Charleston, South Carolina is low country. Known for it’s colorful Battery Row of historical and colorful houses, shrimp and grits, plantations and southern, preppy style.
It’s hard for me to really encapsulate a city that I love as much as Charleston. All in all, I love the south. I love the food, the people, and I’m really happy the confederate flag no longer flies over the state house, though it’s terrible a tragedy had to happen there just a few weeks ago to get us talking about such a conflicted symbol of history. Charleston is though, a city full of history. It is composed of historic buildings, ports, culture and plantations- which are both beautiful and haunting at the same time. Honestly, it’s a city in which history surrounds you- from the open air markets, to the cobblestone streets and gorgeous gas lamps.
Our goal was to eat good food, experience the history, take some tours, and do a lot of walking and photo taking…which, despite a very warm and bug infested few days, I feel was accomplished.
First, let’s talk houses. If you love history and gorgeous mansions, this is the place for you. Many of these houses are well over a century old. From what I was told, if you have a house that was built before 1975, you practically need a permit to change a doorknob. History here, is important and it is preciously preserved. Honestly, Charleston is its history- more so than many other cities. The streets are uneven, the nooks and crannies of the city are gorgeous. You can look down the alley of a closed gate and see a gorgeous garden, lit by romantic gaslights. It reminded me a bit of Boston with it’s colonial architecture and layout- but at a warm, southern pace.
Needless to say, the houses there are what dreams are made of. I fell in love with this house in particular. I remember when we stumbled upon it, after turning off of battery row- and it was about a gazillion degrees in the sunshine, but I had to stop and take pictures. It was so muggy, my camera lens kept fogging up, even after acclimating to the climate…it was like walking into someone’s mouth.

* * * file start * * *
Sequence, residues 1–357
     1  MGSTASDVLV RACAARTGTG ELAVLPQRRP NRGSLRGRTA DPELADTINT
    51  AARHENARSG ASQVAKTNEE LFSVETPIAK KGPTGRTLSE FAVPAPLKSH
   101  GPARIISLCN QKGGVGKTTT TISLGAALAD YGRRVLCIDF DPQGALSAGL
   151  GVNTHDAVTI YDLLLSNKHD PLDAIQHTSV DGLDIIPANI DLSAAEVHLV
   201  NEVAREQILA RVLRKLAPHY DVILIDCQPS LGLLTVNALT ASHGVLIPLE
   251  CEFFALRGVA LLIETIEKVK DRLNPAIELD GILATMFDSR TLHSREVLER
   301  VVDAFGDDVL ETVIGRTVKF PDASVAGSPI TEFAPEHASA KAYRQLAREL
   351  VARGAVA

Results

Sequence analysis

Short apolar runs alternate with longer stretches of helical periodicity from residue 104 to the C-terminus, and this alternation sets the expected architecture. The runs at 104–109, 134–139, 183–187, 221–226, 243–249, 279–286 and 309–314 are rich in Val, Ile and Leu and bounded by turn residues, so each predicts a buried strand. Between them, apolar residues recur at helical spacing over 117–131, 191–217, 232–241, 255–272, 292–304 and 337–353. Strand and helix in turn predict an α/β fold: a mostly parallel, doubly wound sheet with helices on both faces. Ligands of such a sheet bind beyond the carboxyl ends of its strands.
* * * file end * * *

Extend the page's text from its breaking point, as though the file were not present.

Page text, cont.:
But honestly, look at the steps. I don’t know what those are called, I’m not that rich, nor am I that classy, but I will call those “topiary steps.” Topiary steps are a thing that I must have. Oh, how I lust for the southern charm of Charleston. (faints.)
If you’re in Charleston, take a tour…or five. You will learn so much more and support local business…plus it makes for some good stories! While we were in town, we took two tours with Bulldog Tours that were super fun and budget friendly! At about $20 a piece, we took the Dark Side of Charleston tour– where I learned about my new favorite business woman, Grace- who ran quite the upstanding brothel in town. She also owned a building when women couldn’t own property and was quite savvy in running a business around the law while being a pillar of the community.
We also found out why prostitutes wore red shoes. Apparently, it was an easy way for men to know who to proposition so the genteel ladies of the day wouldn’t be offended that they were mistaken for hookers. Seriously. At least now, when I walk down the street, even when I wear red shoes, nobody mistakes me for a street walker. Ha!
We also took the Ghost & Graveyards tour, where I got eaten alive by mosquitos. I had 30 bites by the end of it, but it was very cool. I also learned about bug spray. Lessons were learned.
Of course, all that history makes me hungry, and Charleston is delicious… We also took the Charleston Culinary Tour. OMG. As we strolled downtown, stopping along the way for BBQ, fresh local fish wraps, shrimp and grits and an amazing pistachio mousse from Carmella’s (featured below). I was so full, but it was all so good. I love it when culinary tours are like a big, long meal- you really get to enjoy the city that way.